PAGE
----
Fox to Stop Issuing Live Ratings for Most of Its Shows

Source: FOX
  • Network to rely on 3-day, 7-day measurements for entertainment
  • Early numbers will still be provided for live events

Fox, the broadcast network owned by 21st Century Fox Inc., will stop issuing ratings based on how many people watch its shows live or soon after they air, saying the measure is no longer relevant because so many viewers catch up later.

The network will still provide the so-called live plus same-day ratings for live events like awards shows and sports, it said in a statement on Friday. For most entertainment, like sitcoms or scheduled reality programs, it’ll measure viewership after three and seven days.

Fox, part of billionaire Rupert Murdoch’s television empire, becomes the first network to break completely with the ritual of sending out daily ratings e-mails to journalists covering the television beat. The numbers, which come from Nielsen, are repackaged by statistics staff at the networks to spin even the most disappointing results as positive.

“There will no longer be THAT email in your inbox every morning at 8AM, because THAT email is no longer relevant,” Dana Walden and Gary Newman, who share the titles of chairman and chief executive officer at Fox Television Group, said in a memo. “The connections between viewers and our shows today are more complex and, in many ways, deeper than ever – but they no longer only happen overnight.”

Shrinking Audience

The live audience for all four major broadcast networks has been shrinking for years. Viewers moved first to cable channels and then began taping shows. On-demand operators like Netflix Inc. and Hulu LLC further fractured audiences, as many viewers opted for the convenience and and ease of watching through apps.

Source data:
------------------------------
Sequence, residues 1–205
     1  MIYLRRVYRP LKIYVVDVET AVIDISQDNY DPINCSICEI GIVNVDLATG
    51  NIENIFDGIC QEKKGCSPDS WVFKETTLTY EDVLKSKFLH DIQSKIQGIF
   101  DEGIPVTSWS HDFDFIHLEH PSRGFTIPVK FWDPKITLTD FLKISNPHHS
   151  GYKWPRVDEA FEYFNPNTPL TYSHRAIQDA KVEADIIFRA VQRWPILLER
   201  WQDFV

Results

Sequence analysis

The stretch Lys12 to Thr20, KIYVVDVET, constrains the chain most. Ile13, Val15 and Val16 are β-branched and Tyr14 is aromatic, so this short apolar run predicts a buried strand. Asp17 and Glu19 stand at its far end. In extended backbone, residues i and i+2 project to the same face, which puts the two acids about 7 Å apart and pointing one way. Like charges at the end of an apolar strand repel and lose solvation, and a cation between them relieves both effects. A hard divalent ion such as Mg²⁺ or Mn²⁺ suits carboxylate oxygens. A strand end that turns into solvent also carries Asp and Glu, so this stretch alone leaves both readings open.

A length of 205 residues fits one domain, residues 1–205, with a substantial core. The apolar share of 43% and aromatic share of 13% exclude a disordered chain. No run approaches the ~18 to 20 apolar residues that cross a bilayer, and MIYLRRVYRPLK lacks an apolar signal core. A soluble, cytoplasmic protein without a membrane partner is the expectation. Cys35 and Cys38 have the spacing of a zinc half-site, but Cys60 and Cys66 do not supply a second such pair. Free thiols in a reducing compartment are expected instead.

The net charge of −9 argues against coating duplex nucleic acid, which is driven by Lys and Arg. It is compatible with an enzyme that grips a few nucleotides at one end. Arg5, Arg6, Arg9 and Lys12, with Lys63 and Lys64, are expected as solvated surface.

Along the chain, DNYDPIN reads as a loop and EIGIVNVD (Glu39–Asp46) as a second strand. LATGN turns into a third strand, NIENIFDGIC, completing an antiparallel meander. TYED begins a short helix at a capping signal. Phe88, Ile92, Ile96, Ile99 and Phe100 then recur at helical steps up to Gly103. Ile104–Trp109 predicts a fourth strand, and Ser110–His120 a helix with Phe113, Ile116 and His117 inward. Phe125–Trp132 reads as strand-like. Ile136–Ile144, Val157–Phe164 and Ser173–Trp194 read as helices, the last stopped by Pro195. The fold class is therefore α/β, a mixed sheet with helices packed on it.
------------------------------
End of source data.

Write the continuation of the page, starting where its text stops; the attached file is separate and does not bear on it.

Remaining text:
Media executives have responded by stressing the growth in delayed viewing and trying to get more compensation. CBS Chief Executive Officer Leslie Moonves has said overnight ratings are “worthless.”

Advertisers are still reluctant to pay for some delayed viewing, though some have been paying for shows watched as much as seven days after they originally air, up from the traditional three days. That still doesn’t capture all viewing, which is a big reason measurement firm Nielsen will introduce a tool to count a show’s total audience on TV and online for more than a month.

Sports are the big exception to the drop in ratings. Live viewing for professional football has increased in the current season, as did ratings for Major League Baseball’s World Series.

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